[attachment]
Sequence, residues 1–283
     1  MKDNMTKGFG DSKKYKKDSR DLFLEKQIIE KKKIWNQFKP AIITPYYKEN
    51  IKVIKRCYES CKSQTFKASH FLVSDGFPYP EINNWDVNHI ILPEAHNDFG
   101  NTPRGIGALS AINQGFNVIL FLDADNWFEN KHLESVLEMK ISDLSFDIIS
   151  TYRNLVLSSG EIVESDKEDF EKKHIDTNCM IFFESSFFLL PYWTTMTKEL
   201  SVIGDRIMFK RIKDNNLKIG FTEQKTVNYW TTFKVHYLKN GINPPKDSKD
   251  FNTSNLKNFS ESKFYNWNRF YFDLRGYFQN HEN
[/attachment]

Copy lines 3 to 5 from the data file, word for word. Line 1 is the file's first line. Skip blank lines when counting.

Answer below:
    51  IKVIKRCYES CKSQTFKASH FLVSDGFPYP EINNWDVNHI ILPEAHNDFG
   101  NTPRGIGALS AINQGFNVIL FLDADNWFEN KHLESVLEMK ISDLSFDIIS
   151  TYRNLVLSSG EIVESDKEDF EKKHIDTNCM IFFESSFFLL PYWTTMTKEL